ACT Law Courts Facility, Canberra, Australia

New justice precinct with key heritage features

  • Aurecon’s role: Structural, civil and facade engineering services
  • Client: ACT Government
  • Project team: Architects – Lyons; Contractor – Laing O’Rourke

Aurecon helps to create operational efficiency with new justice precinct while retaining key heritage features.

A new AUD 150 million justice precinct has risen from the ground as a standout feature in Australia’s capital city, Canberra. The new precinct, a combined law courts facility for the Australian Capital Territory (ACT), will maximise operational efficiencies while still respecting the jurisdictional separation between the Supreme Court and the Magistrates Court.

Designed to meet the ACT’s growing needs for the next 50 years in a more functional, flexible and sustainable way, the new combined facility serves as a purpose-built environment, with the project itself creating around 350 jobs during construction.

Aurecon was contracted by the ACT Government to provide structural, civil and facade engineering services for the new precinct.

A new approach for ACT’s infrastructure projects

As the ACT’s first Public Private Partnership (PPP), the courts project was also an important pathfinder. It demonstrated the ACT Government’s commitment to working in partnership with the private sector to deliver Canberra’s future infrastructure needs.

This method of delivery was also chosen to provide a value-for-money solution for the city.

The redesigned law courts accommodates the Court of Appeal, Supreme Court, Magistrates Court and Children’s Court within a new four-storey building fronting Vernon Circle, and linking the existing refurbished Magistrates and Supreme Court buildings.

The open space between the original two buildings is now connected by a large atrium forming a new public entrance and registry area. This gives the public and legal community a centralised point of access to all courts and common facilities.

Maintaining the building’s heritage features

The existing and architecturally significant Supreme Court, built in 1963, has now been fully refurbished to accommodate the new Supreme Court and other judicial functions. It has been completely integrated into the facility in a way that respects and retains its unique heritage value. Testament to its cutting-edge design, in the year it was built, famed Australian lawyer and politician Justice Henry Higgins declared the building state-of-the-art.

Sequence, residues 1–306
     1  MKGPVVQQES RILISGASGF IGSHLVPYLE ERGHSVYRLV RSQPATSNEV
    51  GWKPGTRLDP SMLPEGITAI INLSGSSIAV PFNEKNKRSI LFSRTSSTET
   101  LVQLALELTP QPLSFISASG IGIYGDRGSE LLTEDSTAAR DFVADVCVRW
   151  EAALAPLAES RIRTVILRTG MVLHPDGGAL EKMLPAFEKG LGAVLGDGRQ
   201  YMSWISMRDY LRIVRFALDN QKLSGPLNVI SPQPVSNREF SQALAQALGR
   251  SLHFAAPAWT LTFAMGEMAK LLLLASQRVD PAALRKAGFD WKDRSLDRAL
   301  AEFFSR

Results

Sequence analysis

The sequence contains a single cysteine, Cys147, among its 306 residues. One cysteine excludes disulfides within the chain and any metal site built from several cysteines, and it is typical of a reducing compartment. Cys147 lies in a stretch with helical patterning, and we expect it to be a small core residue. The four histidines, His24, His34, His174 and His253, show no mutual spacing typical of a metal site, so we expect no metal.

The current Chief Justice of the Supreme Court of the Australian Capital Territory, Helen Murrell SC, has publicly praised the redevelopment for its preservation of the key heritage features that made the original building so significant, despite the challenge of restoring them. She acknowledges that the judges and staff of the court are fond of the building’s historical charm.

One of the main challenges in maintaining the heritage features was the unknown condition of the existing building. The Magistrates Court building had some existing structural documentation, however the Supreme Court had none.

Aurecon undertook a heritage structural assessment of the building to determine its load capacity and modified load capacity. This included floor loading as well as the building’s ability to withstand wind and earthquakes.

This assessment enabled the construction team to conserve the important historical aspects of the building and reveal and highlight their history. Key heritage features that were maintained include the old Wombeyan marble cladding, the internal atrium and the inscribed ‘Law Courts of the Australian Capital Territory”.

Using precast design and construction

Aurecon worked closely with the building contractor to create a design suited to offsite manufacture and assembly, using precast and structural steel elements for most of the new build. This reduced the clutter of formwork, in situ concrete works and reinforcement, and provided a high-quality finished form with a quicker erection time for the building envelope.

Precast and structural steel elements included the formation of structural load-bearing precast walls and columns, new basement retaining walls, facade panels and long-span, hollow-core floor slabs and beams.

Each component was designed to allow the construction team to have confidence in the installation timeframe, and it limited the ‘hook’ cranage time with simplified reinforced structural connections between the precast elements. The methodology also resulted in a robust and earthquake-resistant structure.

Canberra’s justice precinct has been transformed with the construction of the new ACT Law Courts facilities. The Magistrates Court and the Supreme Court are now in the same building and the additional courtrooms and modernised facilities will support the city’s judicial system for many years to come.

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